Chapter provides examples and explanations of multiple designs
Chapter one begins by introducing the role of this book and providing quantitative proof that not all humans are criminals and that we all completely differ from others and from previous versions of ourselves. The psychology of criminal conduct (PCC) strives to describe and predict who will commit crimes and to what extent. The goal placed out is to show differences in repeated criminals, and those who are not criminals or have only committed minor crimes. The PCC attempts to provide the readers with a psychological viewpoint in lieu of a criminal justice standpoint.
The first step in trying to grasp the concept of the psychology of criminal conduct is to fully understand the definition. Psychology of criminal conduct can be defined as tactics used to comprehend criminal behavior of each specific individual being investigated. These tactics are different procedures to understand the actions and risk-factors of criminals through investigations with the goal of predicting future criminal behavior (Bonta & Andrews 2017). There is an obvious distinction between crimes that are committed and by whom they are committed. People who do not signal a lane change or jaywalk are not criminals but rather non-criminals who have been involved with or have committed minor criminal acts.
Many different research designs are available to researchers who seek to examine and begin to comprehend the mind of a criminal. Chapter 2 provides examples and explanations of multiple designs used in the field of criminal justice. The most important designs are cross-sectional, longitudinal, multiwave longitudinal, and randomized experimental. Along with these designs are covariate types. When using covariate and research designs, a criterion variable can be made to begin to predict the future or understand the past (Bonta & Andrews 2017).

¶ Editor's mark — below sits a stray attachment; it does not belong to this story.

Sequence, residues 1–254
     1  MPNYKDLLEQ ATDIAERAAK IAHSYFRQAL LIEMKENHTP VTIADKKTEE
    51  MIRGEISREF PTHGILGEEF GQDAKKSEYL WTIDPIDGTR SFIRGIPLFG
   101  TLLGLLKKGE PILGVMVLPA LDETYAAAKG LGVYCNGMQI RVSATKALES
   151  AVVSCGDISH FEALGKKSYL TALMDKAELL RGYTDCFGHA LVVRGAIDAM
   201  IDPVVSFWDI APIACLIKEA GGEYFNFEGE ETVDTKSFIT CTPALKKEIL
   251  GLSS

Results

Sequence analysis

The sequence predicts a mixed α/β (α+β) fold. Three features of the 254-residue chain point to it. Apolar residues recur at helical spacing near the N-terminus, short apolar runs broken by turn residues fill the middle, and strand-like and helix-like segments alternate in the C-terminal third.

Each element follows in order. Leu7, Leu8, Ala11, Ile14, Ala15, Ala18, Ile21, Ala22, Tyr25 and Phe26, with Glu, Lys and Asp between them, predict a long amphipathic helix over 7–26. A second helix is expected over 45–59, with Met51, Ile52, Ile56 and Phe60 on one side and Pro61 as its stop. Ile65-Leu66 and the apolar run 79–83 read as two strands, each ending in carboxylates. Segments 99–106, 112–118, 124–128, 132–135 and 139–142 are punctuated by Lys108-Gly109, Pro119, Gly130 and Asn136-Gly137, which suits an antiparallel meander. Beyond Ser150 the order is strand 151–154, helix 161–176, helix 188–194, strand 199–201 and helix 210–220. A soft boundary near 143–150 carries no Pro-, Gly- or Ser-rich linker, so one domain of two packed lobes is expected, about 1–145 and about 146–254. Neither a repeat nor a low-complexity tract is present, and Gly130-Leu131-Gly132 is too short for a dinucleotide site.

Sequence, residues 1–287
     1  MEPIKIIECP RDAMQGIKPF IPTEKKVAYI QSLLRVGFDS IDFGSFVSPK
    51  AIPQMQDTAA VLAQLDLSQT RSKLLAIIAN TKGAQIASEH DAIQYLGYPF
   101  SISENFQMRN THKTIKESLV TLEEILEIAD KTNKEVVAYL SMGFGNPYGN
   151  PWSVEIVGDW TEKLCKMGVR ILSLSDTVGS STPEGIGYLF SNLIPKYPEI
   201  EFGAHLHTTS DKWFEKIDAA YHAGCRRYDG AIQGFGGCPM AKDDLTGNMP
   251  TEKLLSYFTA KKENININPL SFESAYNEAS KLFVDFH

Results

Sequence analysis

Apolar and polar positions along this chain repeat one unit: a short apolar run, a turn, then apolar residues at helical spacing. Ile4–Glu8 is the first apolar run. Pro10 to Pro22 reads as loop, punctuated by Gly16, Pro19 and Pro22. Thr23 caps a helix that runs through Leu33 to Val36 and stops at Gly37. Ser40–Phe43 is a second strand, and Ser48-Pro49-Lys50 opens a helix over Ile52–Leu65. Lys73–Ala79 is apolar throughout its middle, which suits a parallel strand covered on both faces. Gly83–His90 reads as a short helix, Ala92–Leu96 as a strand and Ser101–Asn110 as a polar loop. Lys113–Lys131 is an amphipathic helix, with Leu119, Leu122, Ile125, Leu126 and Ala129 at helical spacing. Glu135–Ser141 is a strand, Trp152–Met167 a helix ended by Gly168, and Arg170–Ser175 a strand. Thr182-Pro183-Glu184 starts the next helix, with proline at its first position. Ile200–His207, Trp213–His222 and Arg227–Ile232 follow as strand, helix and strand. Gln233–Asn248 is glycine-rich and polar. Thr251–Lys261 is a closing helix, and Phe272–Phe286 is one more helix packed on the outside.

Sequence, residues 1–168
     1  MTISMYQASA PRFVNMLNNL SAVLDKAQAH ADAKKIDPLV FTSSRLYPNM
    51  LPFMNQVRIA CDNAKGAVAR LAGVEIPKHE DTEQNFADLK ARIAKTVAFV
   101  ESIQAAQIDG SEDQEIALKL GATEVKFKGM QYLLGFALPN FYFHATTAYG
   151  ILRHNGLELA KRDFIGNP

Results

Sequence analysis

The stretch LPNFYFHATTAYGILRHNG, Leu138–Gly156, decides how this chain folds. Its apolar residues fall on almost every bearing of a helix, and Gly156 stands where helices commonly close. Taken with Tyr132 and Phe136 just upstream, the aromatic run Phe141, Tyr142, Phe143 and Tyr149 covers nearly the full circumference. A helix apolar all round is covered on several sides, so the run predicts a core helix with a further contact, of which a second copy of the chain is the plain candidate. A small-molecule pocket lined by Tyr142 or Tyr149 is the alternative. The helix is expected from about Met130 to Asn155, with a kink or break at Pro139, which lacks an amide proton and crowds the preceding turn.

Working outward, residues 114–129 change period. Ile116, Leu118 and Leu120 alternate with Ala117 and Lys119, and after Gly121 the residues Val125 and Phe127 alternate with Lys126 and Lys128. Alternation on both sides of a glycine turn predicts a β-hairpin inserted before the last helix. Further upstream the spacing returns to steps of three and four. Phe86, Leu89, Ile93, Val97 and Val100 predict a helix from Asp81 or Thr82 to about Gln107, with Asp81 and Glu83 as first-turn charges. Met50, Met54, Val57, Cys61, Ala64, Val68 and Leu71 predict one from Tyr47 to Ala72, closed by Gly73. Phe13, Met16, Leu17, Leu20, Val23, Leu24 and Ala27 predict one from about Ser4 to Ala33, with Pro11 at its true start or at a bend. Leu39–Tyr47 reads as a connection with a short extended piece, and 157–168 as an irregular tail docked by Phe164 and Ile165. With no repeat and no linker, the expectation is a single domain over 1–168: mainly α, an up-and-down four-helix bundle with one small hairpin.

Cross-sectional research designs are popular within the criminal justice community due to the low cost to perform the design along with the quickness of the information that is provided to the researcher. This type of design works well with different variables being tested to easily find a common denominator to differentiate between criminals and noncriminals (Bonta & Andrews 2017). An advantage to cross-sectional designs is the ability to show validity and reliability when determining which risk factors continually appear during the research.
Longitudinal designs and multiwave longitudinal design have some similarities when used as a research method. A longitudinal design focuses on the same person or group of people over a certain span of time, concentrating on one dependent variable measured twice within the time span. These two measurements are usually a pretest followed by a post test. A multiwave longitudinal design also focuses on the subject(s) over a span of time while comparing the dependent variable to the independent that is measured multiple times during the experiment (Bonta & Andrews 2017). These measurements may occur in three or more times within the span of the experiment.